A cyclospora infection is caused by a single-celled parasite of the same name. The condition was first diagnosed in 1977, with the number of reports increasing in the following years. The parasite enters the body when a person consumes water or food, often in the form of fresh produce, which has been contaminated by an infected person. Anyone of any age can contract the parasite, although the organism is generally seen in people who live or often travel to countries in the tropical regions.
Cyclospora affects the small intestines and typically causes a person to have watery – and occasionally explosive – diarrhea. It is through this infected stool that an individual can pass the parasite on to someone else. However, it does not become contagious until long after it has passed through a bowel movement. Consequently, direct contact with someone who has not washed their hands is an unlikely way to contract it.
While watery diarrhea is the most common complaint from people dealing with a cyclospora infection, patients may also encounter:
While some individuals may never experience any complications from the parasite, none of these symptoms are specific to cyclospora. A stool sample test is needed to confirm an infection and rule out other causes.
Cyclospora infection is caused by a parasite called Cyclospora cayetanesis. This microscopic parasite must be ingested, and is usually found in food or water which has been contaminated with feces which contains the parasite.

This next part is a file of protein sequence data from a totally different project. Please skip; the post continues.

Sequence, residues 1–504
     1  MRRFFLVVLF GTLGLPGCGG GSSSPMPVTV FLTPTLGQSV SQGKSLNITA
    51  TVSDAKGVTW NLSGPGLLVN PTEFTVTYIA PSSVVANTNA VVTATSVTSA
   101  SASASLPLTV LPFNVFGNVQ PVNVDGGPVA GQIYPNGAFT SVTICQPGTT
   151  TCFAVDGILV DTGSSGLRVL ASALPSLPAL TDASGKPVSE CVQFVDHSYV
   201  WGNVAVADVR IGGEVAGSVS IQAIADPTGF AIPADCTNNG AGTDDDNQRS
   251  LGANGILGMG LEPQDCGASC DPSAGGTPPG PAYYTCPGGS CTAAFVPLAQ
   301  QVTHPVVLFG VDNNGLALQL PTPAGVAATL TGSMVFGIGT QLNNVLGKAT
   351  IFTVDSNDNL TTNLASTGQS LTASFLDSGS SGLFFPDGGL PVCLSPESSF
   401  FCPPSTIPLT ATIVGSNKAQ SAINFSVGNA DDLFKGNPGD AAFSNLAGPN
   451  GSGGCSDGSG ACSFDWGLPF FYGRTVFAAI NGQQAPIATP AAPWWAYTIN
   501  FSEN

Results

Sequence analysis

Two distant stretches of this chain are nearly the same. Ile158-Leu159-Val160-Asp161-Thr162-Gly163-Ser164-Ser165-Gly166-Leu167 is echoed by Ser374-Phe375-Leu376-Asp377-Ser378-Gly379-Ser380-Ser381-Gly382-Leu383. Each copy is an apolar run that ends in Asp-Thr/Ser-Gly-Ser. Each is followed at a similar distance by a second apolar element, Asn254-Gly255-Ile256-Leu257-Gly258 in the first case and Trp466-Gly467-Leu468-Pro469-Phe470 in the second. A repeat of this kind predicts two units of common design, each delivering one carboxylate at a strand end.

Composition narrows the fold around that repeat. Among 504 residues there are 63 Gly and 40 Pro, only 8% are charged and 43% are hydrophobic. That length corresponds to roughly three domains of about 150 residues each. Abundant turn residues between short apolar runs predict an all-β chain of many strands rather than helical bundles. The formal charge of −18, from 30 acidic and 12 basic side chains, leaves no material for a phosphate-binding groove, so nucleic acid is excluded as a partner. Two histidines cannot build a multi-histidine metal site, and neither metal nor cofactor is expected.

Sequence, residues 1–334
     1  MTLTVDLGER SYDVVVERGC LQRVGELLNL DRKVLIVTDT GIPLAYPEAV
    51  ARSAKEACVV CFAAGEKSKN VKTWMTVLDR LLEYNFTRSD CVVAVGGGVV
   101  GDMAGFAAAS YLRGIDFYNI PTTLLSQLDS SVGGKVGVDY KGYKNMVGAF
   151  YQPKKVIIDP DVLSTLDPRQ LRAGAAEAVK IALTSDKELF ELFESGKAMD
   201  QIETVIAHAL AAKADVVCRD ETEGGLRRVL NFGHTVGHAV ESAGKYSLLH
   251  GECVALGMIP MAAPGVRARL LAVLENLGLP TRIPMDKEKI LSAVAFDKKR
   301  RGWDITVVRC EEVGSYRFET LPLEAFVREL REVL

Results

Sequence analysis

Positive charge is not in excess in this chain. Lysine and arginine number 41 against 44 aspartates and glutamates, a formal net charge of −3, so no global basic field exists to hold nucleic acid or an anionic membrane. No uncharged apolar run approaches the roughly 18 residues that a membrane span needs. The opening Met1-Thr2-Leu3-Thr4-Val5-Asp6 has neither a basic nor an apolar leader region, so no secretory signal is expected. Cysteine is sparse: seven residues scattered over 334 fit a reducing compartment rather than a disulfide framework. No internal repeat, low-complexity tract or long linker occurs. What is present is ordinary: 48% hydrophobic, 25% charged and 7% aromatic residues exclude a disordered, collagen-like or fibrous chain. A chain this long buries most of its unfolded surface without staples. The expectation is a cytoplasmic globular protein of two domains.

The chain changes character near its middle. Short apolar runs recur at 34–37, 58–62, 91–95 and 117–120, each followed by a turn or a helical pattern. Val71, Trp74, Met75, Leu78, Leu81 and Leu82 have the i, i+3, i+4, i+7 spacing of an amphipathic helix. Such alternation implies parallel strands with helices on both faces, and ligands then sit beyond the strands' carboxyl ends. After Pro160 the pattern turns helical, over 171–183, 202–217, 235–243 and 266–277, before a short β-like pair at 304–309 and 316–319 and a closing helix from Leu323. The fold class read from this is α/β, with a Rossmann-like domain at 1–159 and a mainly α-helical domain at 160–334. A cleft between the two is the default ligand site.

Person to person transmission of cyclospora infection is very rare. This is because the feces from infected individuals contain only immature cyclospora parasites, which are unable to infect others. It requires several days or even weeks for the parasites from passed stools to mature and become infectious. Instead, the infection usually comes from water or food which has been contaminated with the parasite for several days or weeks.
Antibiotics are needed to treat a cyclospora infection. Most medical professionals will prescribe Septra or Bactrim. Cotrim, a combination of these two medications, is also available. Currently, there are no effective alternatives for those who are unable to take these drugs.
Additionally, infected individuals can help themselves feel better by increasing fluid intake to stay hydrated and getting plenty of sleep. Other medicines may be used to combat diarrhea, but patients should consult with their doctors first.
In the US, outbreaks of cyclospora infection are rare and tend to come from imported fresh produce which could have been handled by people with the infection. For this reason, it’s wise to avoid imported fresh produce where possible unless the food can be peeled or cooked.
Cyclospora infection tends to be most prevalent in tropical or subtropical countries. When traveling in these regions, you should take great care when consuming fresh produce and water.
Do not drink directly from untreated water sources such as springs, streams, lakes, rivers or wells. If this water must be consumed, boil it for at least one minute first. Alternatively, use bottled water from reputable suppliers. You should take these precautions whenever you use water that might be ingested, for example when cooking, making ice cubes, brushing teeth or washing dentures. Note that chlorine does not kill cyclospora; boiling it is the only way to remove it.
Fresh produce should be washed as a standard procedure, but unfortunately cyclospora infection can still remain on produce that has been thoroughly washed. It is advisable to instead only consume produce which can be peeled or cooked. Only treated water should be used to cook or wash produce.